A Semblance of Normality

“It’s probably all for the best,” said Philomena Bucket, philosophically. “I don’t think I’m the marrying type, really.”
She was coming to terms with the fact that, on what was supposed to be the morning of their wedding, Rhys Cranham had felt compelled to return to his occupation as Night-Soil Man. Some strange things had been happening in Philomena’s life lately, and she was determined to return to some semblance of normality, or as normal as one could expect things to be on the island of Hopeless, Maine.
“Anyway,” she added, “I’m still young. Well, fairly young, I suppose, and there’s plenty of time…”
She crossed her fingers as she said this. It was never wise to tempt Providence on this dangerously capricious island.
“What do you reckon?” she quizzed her companion.
Despite having hollow eye-sockets, Drury looked up at Philomena lovingly. He had spent the last two days chasing spoonwalkers who, confusingly, had disappeared the moment he caught them. It had been a good game but he was grateful that Philomena had rescued him. Neither were aware that the spoonwalker thought-forms had been created by Durosimi O’Stoat, in an attempt to keep Drury safely out of the way, while a doppelganger of the osseous hound was ripping up Naboth Scarhill, the new Night-Soil Man.
Since bringing Drury back from the Gydynap Hills, Philomena had made a point of writing to Rhys, saying that she understood his decision, and maybe they could look at marriage again in a year or two, at such times as he had trained a new apprentice. She had added a postscript, to the effect that Drury was totally innocent of killing Naboth, having been otherwise occupied when Rhys thought that he had seen him carrying the boy’s arm away.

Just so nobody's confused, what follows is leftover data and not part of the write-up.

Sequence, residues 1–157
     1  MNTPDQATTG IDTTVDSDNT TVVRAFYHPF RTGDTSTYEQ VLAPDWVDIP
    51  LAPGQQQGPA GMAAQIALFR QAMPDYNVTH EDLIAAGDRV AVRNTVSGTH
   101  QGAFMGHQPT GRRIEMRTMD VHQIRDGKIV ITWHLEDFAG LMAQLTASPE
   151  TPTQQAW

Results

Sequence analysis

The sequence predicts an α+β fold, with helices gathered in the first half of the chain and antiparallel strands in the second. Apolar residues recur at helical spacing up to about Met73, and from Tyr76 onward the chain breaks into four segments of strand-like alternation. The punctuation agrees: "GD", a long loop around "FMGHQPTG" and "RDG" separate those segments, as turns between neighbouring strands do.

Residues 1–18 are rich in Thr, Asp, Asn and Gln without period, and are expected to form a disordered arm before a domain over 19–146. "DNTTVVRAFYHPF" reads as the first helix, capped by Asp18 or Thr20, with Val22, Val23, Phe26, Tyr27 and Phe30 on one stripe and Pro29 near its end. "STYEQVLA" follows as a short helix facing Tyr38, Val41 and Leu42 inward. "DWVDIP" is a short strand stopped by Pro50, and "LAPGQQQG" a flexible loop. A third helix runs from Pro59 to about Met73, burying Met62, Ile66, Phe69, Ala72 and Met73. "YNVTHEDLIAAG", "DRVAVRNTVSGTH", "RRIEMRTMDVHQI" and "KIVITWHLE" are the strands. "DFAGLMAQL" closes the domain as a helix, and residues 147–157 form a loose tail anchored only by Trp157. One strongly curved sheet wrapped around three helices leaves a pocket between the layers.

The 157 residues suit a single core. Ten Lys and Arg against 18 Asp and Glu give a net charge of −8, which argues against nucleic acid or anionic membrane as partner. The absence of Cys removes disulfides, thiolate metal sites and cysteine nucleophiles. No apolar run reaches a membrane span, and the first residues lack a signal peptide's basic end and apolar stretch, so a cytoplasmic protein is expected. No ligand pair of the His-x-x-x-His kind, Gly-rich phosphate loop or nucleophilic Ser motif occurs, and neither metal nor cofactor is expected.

Sitting in his cottage, commonly known as The House at Poo Corner, Rhys read the letter with no small amount of sorrow. He had so wanted to be free of the back-breaking toil and noxious reek that was a Night-Soil Man’s lot. Now the chances of a better future seemed to have been taken away forever. He had lost two apprentices in recent years; Gruffyd Davies had fallen into the ocean and had been turned into a Selkie, and Naboth had been ripped to shreds by something that, apparently, was not Drury. What were the chances of another promising young lad wanting to take on the role? A loveless, friendless existence followed by the likelihood of an early death was hardly the best job-description to attract willing staff. Rhys sighed, and put the letter on the table. He would have a word with Miss Calder, at the Pallid Rock Orphanage, in a day or two. Maybe she could suggest a likely candidate.

Miss Calder was in unusually high spirits. She had been dead for some time now but this did not interfere with her duties as administrator, responsible for the efficient running of the orphanage. Her ghostly form could frequently be seen flitting hither and thither, organising the orphans and reminding Reverend Davies of various items in his diary which he had chosen to overlook.